Study identifies genetic mutations associated with tumor of adrenal gland

December 14, 2010

Analysis has identified variations of a gene that are associated with a type of tumor that forms within the adrenal gland, according a study in the December 15 issue of JAMA. The age group in which these variations were found are frequently excluded from genetic screening models for this type of tumor.

Pheochromocytomas and paragangliomas are types of tumors. Pheochromocytomas form in the (gland located above the kidney) causing it to make too much adrenaline. Pheochromocytomas can cause , pounding headaches, heart palpitations, flushing of the face, nausea, and vomiting. Paragangliomas are rare, usually benign tumors that may develop at various body sites. Despite a broad spectrum of for these tumors, the molecular basis for the majority of pheochromocytomas and paragangliomas, including most of the sporadic and rare familial cases, remains unknown, according to background information in the article. "These observations support the existence of additional pheochromocytoma susceptibility genes, which may account for some of the genetically undefined cases," the authors write.

Li Yao, Ph.D., of the University of Texas Health Science Center at San Antonio, and colleagues conducted a study to determine the prevalence in pheochromocytomas and paragangliomas of mutations in the gene FP/TMEM127, a recently identified pheochromocytoma susceptibility gene. The researchers sequenced the FP/TMEM127 gene in 990 individuals with pheochromocytomas and/or paragangliomas, including 898 previously unreported cases without mutations in other susceptibility genes from 8 independent worldwide referral centers between January 2009 and June 2010.

The researchers detected a total of 44 distinct FP/TMEM127 variants in 990 samples from pheochromocytoma or paraganglioma patients. "Of these, 19 mutations found in 20 patients were considered of potential pathogenic significance. Thirteen of these variants were novel changes, while the remainder had been previously reported," the authors write. Mutations were detected only in patients with tumors of adrenal localization (pheochromocytomas) but not with paragangliomas.

The average age at development of FP/TMEM127-mutated tumors was 42.8 years and the median (midpoint) age was 41.5 years, with this age at onset similar to the average age of non-mutated cases in this series, 43.2 years (median, 45 years) and to the reported average diagnostic age for sporadic pheochromocytomas (47 years). The most common presentation was that of a single benign adrenal tumor in patients older than 40 years. Malignancy was seen in 1 mutation carrier (5 percent).

"Germline mutations of FP/TMEM127 were associated with pheochromocytoma but not paraganglioma and occurred in an age group frequently excluded from algorithms," the authors write. "Future studies should determine quantitative intracellular effects of individual variants."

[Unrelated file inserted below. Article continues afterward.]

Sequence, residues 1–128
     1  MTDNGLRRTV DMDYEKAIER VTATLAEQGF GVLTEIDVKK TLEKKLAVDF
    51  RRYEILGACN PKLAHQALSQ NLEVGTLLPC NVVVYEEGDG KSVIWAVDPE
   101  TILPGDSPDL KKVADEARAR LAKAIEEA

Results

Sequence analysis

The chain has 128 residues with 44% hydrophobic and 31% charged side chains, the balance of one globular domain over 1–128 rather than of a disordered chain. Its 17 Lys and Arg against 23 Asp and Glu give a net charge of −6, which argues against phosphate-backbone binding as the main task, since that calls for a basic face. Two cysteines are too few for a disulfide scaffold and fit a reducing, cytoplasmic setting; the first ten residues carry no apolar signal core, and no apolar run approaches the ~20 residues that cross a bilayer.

Explore further: Genetic mutations identified for type of gastric cancer

More information: JAMA. 2010;304[23]:2611-2619.

Related Stories

Genetic mutations identified for type of gastric cancer

June 3, 2007

Researchers have identified novel genetic mutations that are linked to hereditary diffuse gastric cancer, with these mutations being due to both independent mutational events and common ancestry, according to a study in the ...

Gene may lead to early onset of brain tumor

January 26, 2009

People with a particular gene variant may be more likely to develop brain tumors, and at an earlier age, than people without the gene, according to a study published in the January 27, 2009, print issue of Neurology, the ...

Study shows that mutations in one gene cause many cancers

March 29, 2010

An important gene that normally protects the body against cancer can itself cause a variety of cancers depending on the specific mutation that damages it, according to a new study by investigators at the Ohio State University ...

Recommended for you

How the finch changes its tune

August 3, 2015

Like top musicians, songbirds train from a young age to weed out errors and trim variability from their songs, ultimately becoming consistent and reliable performers. But as with human musicians, even the best are not machines. ...

Machine Translates Thoughts into Speech in Real Time

December 21, 2009

(PhysOrg.com) -- By implanting an electrode into the brain of a person with locked-in syndrome, scientists have demonstrated how to wirelessly transmit neural signals to a speech synthesizer. The "thought-to-speech" process ...

0 comments

Please sign in to add a comment. Registration is free, and takes less than a minute. Read more

Click here to reset your password.
Sign in to get notified via email when new comments are made.